The Yearbook Office
Writings on staying alive
 

Bet on Sugarpuss at Wharfhaven.
At Mercy Meadows, Let Me See Your Ruffalo.
Your best bet this week is Shakealeg McGee at Standish Downs.

The new vet has a habit of touching my arm to reassure me that there's nothing to worry about. I hate being touched by strangers, but I appreciate her humanity, and her clean, open face. She speaks to Radar in soft, cheerful tones, and doesn't cringe when he lunges and growls. She calls his mandatory muzzle his “funny little hat.”

“We can take off his funny little hat once he's asleep,” she said, tapping his forearm for a vein. Radar had been puking for days. Typically, Radar puking is nothing to worry about. He's a master scavenger, and I can't count the times I have wedged a hand down his humid throat to retrieve a half-chewed nightmare before it disappeared: scraps of food, plastic, bone, disturbingly unidentifiable mush. He compulsively chews leaves and grass, so the occasional purging is to be expected. But this time, the allowable amount of disgusting digestive incidents had passed, and he hadn't eaten a full meal in three days. He needed X-Rays to rule out a blockage, and in order to be X-rayed, he needed to be sedated, lest he injure himself or the team of vet techs it would take to hold him still.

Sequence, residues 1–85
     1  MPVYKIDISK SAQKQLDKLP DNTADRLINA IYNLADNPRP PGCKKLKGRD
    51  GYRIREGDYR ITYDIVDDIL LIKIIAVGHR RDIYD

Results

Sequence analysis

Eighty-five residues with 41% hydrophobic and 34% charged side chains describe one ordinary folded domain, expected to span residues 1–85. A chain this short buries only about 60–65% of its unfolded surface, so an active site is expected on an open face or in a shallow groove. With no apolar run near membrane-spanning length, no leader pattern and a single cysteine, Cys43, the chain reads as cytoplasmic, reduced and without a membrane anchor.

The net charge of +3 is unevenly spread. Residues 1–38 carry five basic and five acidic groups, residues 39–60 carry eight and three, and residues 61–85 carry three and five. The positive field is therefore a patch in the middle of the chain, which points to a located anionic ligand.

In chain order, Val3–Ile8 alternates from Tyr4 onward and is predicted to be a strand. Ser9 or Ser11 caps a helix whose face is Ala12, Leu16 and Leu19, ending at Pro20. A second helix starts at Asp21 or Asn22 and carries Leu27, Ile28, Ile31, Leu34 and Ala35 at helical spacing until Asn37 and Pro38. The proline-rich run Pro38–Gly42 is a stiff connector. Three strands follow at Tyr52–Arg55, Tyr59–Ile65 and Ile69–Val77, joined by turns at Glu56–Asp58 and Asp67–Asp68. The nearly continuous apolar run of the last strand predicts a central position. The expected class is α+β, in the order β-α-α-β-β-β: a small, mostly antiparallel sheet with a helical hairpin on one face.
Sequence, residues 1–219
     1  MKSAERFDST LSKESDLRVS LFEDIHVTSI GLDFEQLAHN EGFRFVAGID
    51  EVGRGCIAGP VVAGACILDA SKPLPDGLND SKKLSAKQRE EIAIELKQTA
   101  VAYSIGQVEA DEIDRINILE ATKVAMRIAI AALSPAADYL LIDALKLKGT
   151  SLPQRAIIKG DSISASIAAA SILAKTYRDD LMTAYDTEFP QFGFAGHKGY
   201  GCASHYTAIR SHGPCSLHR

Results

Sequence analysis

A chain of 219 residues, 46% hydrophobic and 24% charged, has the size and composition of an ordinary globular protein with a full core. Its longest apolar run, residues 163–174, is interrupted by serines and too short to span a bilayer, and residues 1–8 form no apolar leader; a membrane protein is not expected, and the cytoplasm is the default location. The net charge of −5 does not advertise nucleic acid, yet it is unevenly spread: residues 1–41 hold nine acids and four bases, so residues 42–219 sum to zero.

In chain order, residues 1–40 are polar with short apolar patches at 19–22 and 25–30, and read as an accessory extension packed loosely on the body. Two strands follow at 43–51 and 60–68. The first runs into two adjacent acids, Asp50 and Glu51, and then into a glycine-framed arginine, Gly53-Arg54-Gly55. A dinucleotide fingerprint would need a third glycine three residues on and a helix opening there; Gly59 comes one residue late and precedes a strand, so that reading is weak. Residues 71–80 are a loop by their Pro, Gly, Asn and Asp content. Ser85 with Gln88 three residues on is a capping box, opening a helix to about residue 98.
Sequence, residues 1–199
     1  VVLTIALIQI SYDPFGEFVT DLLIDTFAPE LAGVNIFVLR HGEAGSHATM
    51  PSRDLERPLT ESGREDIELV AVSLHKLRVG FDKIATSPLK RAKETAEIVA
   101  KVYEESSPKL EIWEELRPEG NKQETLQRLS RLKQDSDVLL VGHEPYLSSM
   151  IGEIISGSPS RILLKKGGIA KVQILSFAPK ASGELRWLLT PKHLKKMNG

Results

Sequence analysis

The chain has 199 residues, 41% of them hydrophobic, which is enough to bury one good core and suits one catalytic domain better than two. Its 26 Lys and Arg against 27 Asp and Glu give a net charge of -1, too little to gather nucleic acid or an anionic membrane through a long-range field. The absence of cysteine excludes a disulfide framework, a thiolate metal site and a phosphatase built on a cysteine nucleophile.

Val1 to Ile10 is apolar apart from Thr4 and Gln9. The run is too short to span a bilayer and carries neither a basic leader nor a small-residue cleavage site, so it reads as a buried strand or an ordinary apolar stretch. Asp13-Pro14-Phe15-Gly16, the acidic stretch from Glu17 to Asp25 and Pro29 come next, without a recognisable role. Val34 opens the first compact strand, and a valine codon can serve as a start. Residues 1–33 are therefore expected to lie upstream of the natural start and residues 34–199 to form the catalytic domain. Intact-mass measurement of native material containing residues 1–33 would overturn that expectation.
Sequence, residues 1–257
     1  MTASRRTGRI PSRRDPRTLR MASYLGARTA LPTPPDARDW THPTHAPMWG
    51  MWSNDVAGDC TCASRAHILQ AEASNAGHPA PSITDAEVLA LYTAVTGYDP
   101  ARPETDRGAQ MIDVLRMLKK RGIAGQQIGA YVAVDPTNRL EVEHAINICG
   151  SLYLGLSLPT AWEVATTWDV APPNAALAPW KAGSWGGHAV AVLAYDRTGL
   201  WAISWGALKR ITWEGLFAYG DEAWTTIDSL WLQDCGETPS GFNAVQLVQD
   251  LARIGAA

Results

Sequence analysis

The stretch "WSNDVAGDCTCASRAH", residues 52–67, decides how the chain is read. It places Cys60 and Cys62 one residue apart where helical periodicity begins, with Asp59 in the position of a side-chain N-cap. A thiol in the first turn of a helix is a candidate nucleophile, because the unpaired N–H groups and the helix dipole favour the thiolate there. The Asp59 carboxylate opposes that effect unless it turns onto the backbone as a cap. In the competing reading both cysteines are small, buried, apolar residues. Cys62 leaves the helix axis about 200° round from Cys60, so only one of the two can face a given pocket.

This was not the first time I had held Radar on a cold metal table while a vet gave him a shot to make him fall asleep. There was the broken dew claw that had to be removed, twice, and the abscess that had to be drained. Each time, like this time, the vet asked me to stay with Radar while he went under because “he does so much better when you're here.” It never takes long for the sedative to work; in moments he goes from tightly-wound ball of muscle to deep-breathing pile of loose skin. The sedative is the same one used prior to euthanasia, when animals are put to sleep before being put to sleep, designed to be fast and strong so they have no time to freak out. It's hard not to think about this while holding Radar on the table, not to flash-forward to some future day when I will hold him as he falls asleep for the last time. The saddest part of these sedation procedures is leaving the office with an empty leash. It feels wrong to leave him behind, even for a few hours, even for his own good.

“I'll call you as soon as he wakes up,” the vet said.

Radar has a superhero persona, created by my friend Brandi and me: the Scrambler: a well-intentioned hero of incredible strength who bursts on the scene to saves the day but makes a huge mess in the process.

“Help us, Scrambler!” the people cry, on the precipice of some terrible disaster.

“Scrambler, no!” they cry again, as he knocks them over the edge with his enthusiasm and good intentions.

“Oh Scrambler, we love you,” the people say, as debris falls on them from above.